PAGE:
Zhu Yunxi embarks on adventure to Turkey
I found that I did not know how to understand and appreciate pulchritude and its essence. The four-day experience in Istanbul during the spring break amazed me. I thought I knew everything about Turkish culture before I visited the country, but I was wrong.
People from the Middle East are always distinguished as Arabians, but the chauffeur who picked me up at Atatürk Airport was a typical meridional. This encounter made me realize Turkey, a country which stretches across Eurasia, blends cultures, race and history.
By the bay of the Propontis, people bask by the bay, while others pick Egyptian spice or Persian cloth from marketplaces. During the afternoon I spent in Propontis, Muslims began their chanting of Quran during the Maghrib. Afterward, the moon rose from the Asian side of Istanbul and the fiery sky stretches and shone radiance on the tributary of Propontis.
Muslims began heading into mosques during this time of day to begin their prayers to Allah. However, the market vendors said their prayers in the marketplace besides their stalls. This bustling seaside bazaar began to quiet down, and all that could be heard was prayer, seagulls and the crash of waves against the shoreline.
Everything looked leisurely. Teenagers in Turkey are proud of imitating European’s lifestyle. Turks enjoy Cay (Turkish Tea) and smell its fragrance, sitting on the rooftops of many flats, overlooking dense and antique buildings perched on the hill. Moreover, looking across the tributary, forward to those three mosques on the top of the hill, life in the city of Istanbul never stops. Lounging on the rooftop and taking life; this enjoyment reminds me of the feast of the amazing area of Cappadocia.
Some of Cappadocia’s troglodyte dwellings serve as homes and others as hotels, which offer a truly unique experience to visitors. Sitting on the rooftop of a rocky cave hotel, people ate breakfast and Turkish Cay, while watching the launch of hundreds of hot-air balloons. The balloons rose from bizarre rock mounts during daybreak as the sun peaked across the skyline of Goreme valley.
Cappadocia, here is known as the most likely of the lunar surface in the world by its bizarre physiognomy. Hundreds of hot air balloons are all launched before dawn, every single morning being inside of one of the hot air balloons felt like a pink dream come true.
It was a cloudy morning and mother earth looked dull without the sun shining, but as soon as the balloons launched, a streak of rosy crepuscular rays started breaking the darkness. The gray land started turning luminous red as the sun lighted up on this morning to begin another fabulous day in Cappadocia.
Hot air balloons did not move fast. Those who were hidden by those mushroom-shape tuffs fluttered out smoothly, offering passengers the fun of hide-and-seek. The balloon flew up and down and as I looked from the balloon’s basket, I imagined living among the clouds. Moreover, as low as few inches from the ground, looking around those quirky landscapes hiding with haze, no sound could be heard but the intermittent burning of my balloon, just like a visit to the underworld.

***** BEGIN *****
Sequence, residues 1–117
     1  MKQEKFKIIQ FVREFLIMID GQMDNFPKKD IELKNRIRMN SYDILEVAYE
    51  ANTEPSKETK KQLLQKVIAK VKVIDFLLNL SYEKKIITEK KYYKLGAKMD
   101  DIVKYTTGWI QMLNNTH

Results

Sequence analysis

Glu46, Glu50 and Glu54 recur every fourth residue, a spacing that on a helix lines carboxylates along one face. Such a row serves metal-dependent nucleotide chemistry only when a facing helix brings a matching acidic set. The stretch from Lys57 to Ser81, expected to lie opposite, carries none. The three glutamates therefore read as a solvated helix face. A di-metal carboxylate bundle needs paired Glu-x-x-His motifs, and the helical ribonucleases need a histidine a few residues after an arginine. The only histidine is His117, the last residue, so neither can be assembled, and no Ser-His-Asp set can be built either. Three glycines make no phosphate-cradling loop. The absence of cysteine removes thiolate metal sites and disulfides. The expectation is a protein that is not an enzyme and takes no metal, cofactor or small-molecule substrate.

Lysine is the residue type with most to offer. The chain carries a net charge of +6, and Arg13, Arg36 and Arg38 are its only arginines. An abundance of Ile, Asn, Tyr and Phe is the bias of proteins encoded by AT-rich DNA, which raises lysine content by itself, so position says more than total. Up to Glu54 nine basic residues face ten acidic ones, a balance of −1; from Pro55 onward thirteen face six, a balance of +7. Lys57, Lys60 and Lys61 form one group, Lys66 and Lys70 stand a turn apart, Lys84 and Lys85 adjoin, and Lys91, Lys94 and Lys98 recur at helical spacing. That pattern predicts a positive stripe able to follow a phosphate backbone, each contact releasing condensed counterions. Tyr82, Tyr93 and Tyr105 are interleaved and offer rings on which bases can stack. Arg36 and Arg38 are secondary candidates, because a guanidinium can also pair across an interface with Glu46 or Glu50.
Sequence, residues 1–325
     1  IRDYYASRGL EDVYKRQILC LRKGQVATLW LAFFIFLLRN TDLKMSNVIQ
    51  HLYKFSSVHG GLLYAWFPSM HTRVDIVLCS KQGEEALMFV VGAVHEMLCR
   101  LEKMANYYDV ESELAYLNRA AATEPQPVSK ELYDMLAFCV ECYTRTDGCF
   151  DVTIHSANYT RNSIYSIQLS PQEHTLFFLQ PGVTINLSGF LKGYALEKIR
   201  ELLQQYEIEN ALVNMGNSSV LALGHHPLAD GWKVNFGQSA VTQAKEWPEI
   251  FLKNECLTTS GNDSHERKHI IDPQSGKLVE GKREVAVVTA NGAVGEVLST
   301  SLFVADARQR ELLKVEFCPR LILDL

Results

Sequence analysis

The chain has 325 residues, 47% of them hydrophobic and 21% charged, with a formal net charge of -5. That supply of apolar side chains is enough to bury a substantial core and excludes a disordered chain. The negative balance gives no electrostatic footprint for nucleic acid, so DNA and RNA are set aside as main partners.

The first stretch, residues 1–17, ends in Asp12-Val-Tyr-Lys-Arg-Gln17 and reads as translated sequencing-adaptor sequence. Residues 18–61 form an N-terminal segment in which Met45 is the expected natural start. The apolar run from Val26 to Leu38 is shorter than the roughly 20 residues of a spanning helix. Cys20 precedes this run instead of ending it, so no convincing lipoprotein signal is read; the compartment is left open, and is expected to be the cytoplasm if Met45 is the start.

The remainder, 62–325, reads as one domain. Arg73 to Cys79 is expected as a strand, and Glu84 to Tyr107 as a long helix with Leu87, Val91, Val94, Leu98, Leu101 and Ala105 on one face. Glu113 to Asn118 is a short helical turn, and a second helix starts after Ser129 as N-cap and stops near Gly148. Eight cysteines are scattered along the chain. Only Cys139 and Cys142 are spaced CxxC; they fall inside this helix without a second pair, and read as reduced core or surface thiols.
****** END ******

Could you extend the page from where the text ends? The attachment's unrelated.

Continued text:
This happens every single morning.
Erosion shaped these incredible landscapes of cones, pillars, pinnacles, mushrooms, and chimneys located inside of the Goreme Valley of Cappadocia. Ancient volcanic eruptions formed these fantastic forms to create this rocky wonderland that is honeycombed with a network of human-created caves; places of worship, stables, and storehouses.
Cappadocian was founded as White Syrians by Persians. Goreme sat uncomfortably on the boundary between rival empires — the Roman Empire and the Persian Empire. This precarious political position meant that residents — White Syrian needed hiding places, and their hands performed equally incredible works here to avoid war.
We had a celebration after landing, and then my friends and I drove the UTV to explore the rocky wonderland. After we came back, I sat in my room of the cave hotel, reminiscing Byzantine histories that had taken place in this beautiful valley.
Those White Syrian dug those amazing caves to avoid war, but what about the Syrian refugee crisis? There are about 2,973,890 Syrian refugees in Turkey and 366,000 in Istanbul.
Turkey is a developed country, but when I visited Istanbul, I thought that parts of the city did not look like a developed country. Something that confused me is that some people are still doing some very traditional and low-income jobs such as selling balloons by the bay, selling bottled water and napkins to drivers on the road.
But, when I went through the northwest corner of Tarlabaşı, the Istanbul’s oldest slum, I knew why. There are a lot of children and even some adults try to get drivers’ attention by selling bottled water and napkins. And Tarlabaşı is the famous Syrian Gypsy community in Istanbul.
The locals told me there always some Turks who beat these people and even the children because the Syrian refugees are shaking Turkey’s social stability. From what I saw in Turkey, I think that’s true, there are cops everywhere in Istanbul because of those terrorist attacks carried out by groups like ISIS.
How does war torture people? I don’t know, and I want to know. And I put Syria on my list.